As of about a month ago, Livejournal changed it's session cookies to fix some XSS related security holes, and a side effect of those changes have been that the user name has disappeared from the cookies and been replaced with the user id number (see here for the details of the new cookie layout).
This is a bit of a nuisance for greasemonkey scripts; several popular scripts, such as Instant Comment, relied on knowing the name of the user, and you can't simply look up id to user name mappings without the right permissions on LJ.
However, the user name of the currently logged in user isn't a secret, either; it appears at the top of every www.livejournal.com page as part of the logout form. My solution for finding the user name is to do a GM_xmlhttpRequest against the login.bml page and parse the hidden user field out of the log out form. Roughly, the order of action is:
- Pull the user id out of the ljloggedin cookie that's visible to all livejournal subdomains.
- Look up that uid against values we've previously stored. If we find a match, we're done.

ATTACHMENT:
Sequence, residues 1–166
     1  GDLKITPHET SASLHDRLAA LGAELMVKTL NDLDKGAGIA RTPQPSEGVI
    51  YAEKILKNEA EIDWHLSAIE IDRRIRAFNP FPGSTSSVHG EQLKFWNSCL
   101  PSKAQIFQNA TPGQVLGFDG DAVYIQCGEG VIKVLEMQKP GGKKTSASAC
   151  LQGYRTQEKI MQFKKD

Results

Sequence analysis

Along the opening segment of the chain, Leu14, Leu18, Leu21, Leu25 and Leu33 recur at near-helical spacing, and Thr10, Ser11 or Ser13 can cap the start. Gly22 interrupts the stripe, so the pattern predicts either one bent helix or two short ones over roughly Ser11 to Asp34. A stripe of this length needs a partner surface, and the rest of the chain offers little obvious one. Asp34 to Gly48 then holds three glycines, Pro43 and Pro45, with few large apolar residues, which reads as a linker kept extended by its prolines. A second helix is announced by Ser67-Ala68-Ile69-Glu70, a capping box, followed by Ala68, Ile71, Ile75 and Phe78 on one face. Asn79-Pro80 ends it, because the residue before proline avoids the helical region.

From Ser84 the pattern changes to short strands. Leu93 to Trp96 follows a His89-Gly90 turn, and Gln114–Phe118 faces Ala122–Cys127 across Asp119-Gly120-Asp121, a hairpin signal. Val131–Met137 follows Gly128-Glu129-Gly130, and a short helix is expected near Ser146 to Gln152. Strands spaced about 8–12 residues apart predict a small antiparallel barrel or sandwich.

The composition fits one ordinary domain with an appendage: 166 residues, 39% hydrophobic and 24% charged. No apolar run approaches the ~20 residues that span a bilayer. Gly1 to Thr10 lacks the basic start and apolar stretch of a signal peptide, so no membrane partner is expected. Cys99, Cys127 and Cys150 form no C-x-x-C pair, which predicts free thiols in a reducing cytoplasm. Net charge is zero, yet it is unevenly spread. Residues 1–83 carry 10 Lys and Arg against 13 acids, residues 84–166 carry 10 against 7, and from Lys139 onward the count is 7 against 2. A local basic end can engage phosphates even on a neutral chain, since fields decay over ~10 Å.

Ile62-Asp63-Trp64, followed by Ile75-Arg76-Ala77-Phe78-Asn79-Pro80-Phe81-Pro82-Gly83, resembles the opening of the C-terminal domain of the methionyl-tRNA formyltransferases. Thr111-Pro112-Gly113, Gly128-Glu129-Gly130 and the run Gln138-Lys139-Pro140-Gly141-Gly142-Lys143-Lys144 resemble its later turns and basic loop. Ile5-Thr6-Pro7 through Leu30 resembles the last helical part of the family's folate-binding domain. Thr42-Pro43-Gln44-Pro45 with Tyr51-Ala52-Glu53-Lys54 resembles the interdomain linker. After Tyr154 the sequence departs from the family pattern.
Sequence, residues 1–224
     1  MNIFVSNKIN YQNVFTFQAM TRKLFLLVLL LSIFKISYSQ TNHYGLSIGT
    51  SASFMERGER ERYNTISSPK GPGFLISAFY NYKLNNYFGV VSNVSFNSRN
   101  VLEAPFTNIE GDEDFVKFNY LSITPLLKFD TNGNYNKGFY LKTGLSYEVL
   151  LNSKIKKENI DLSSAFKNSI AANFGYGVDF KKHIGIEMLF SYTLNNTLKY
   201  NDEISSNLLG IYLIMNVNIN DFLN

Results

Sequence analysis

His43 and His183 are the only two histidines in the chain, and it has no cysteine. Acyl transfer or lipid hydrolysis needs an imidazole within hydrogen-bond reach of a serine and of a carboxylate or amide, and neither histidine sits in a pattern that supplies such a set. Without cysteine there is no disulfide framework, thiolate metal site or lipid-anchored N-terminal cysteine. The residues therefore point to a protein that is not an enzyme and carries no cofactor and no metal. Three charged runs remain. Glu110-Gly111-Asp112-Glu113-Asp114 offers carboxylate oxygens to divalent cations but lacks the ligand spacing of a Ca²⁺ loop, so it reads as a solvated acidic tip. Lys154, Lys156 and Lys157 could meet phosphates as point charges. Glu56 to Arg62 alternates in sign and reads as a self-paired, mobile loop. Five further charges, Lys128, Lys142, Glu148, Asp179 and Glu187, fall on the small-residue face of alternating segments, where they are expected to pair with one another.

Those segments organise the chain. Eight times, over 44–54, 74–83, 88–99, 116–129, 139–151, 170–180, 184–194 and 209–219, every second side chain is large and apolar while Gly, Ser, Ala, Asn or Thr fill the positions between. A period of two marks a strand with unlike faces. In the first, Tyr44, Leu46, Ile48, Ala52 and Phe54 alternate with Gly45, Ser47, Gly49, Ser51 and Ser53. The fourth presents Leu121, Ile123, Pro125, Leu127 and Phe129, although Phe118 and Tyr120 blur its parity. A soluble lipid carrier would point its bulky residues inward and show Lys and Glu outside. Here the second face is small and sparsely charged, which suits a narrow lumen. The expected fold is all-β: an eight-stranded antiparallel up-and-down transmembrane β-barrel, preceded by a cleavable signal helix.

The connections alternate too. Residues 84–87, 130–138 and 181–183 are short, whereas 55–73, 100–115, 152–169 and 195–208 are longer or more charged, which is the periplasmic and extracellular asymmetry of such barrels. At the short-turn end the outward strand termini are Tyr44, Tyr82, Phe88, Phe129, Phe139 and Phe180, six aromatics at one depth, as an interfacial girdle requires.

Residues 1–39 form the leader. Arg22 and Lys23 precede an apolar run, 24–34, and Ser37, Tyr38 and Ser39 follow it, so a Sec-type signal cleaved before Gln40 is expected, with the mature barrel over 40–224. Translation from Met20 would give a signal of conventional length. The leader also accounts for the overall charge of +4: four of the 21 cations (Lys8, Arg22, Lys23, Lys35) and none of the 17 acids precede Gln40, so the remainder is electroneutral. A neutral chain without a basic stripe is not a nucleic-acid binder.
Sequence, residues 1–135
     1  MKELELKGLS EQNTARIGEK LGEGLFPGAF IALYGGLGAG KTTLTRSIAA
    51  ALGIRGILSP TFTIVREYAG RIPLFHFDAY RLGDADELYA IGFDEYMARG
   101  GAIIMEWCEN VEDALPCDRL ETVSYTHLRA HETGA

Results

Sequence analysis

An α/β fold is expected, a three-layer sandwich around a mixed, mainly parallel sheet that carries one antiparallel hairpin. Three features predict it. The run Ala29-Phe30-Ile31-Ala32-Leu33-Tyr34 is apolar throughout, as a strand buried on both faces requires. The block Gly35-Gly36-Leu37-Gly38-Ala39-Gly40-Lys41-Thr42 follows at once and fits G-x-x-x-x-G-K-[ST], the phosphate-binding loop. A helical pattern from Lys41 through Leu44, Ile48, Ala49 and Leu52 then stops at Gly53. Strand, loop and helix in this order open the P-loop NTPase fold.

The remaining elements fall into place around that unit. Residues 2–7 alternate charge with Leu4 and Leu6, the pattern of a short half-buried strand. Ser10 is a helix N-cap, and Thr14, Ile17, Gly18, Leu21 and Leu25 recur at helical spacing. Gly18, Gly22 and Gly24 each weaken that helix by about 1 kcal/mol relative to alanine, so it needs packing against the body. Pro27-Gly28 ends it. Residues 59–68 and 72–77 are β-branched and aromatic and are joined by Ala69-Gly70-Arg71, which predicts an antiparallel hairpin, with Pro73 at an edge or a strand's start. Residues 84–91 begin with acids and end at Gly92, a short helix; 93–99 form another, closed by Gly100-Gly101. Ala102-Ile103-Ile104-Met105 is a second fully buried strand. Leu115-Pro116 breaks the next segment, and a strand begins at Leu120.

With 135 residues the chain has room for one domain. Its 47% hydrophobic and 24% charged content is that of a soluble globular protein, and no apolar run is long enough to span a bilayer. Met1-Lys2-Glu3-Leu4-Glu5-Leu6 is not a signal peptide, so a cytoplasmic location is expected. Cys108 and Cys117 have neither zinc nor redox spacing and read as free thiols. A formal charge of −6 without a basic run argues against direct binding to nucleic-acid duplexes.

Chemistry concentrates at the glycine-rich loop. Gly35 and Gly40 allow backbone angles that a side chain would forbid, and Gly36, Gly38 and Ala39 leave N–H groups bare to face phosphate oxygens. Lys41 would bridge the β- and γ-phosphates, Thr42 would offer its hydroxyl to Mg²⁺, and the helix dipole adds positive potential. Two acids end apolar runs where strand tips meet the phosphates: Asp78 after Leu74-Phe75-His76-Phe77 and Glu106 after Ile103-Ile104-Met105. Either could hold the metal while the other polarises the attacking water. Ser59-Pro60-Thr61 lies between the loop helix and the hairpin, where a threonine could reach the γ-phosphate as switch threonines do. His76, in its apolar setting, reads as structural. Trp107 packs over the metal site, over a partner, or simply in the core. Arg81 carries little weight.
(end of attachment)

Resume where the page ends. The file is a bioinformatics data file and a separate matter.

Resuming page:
- If not, we need to fetch the login page.
- On load, parse out the hidden input field with the user name
- Set the newly established uid->name mapping
- Return the name
The spanner in the works is that GM_xmlhttpRequest is asynchronous. I worked around this by passing the function that calls GM_xmlhttpRequest a callback function that it runs when the onload or onerror events are triggered, which sets the result and state back into global variables of your choice.
The initial getUser function takes that callback function and returns true if it has an immediate answer, false otherwise, in which case you need to use setTimeout to call a function that will check the global user name and state until a final answer is made, at which point, it can continue to do whatever it was that needed the user name.
The demonstration script is here at userscripts.org. I've tested it on Firefox 1.0.7, greasemonkey 0.5.3, so let me know the results on any other versions. Coding suggestions welcome.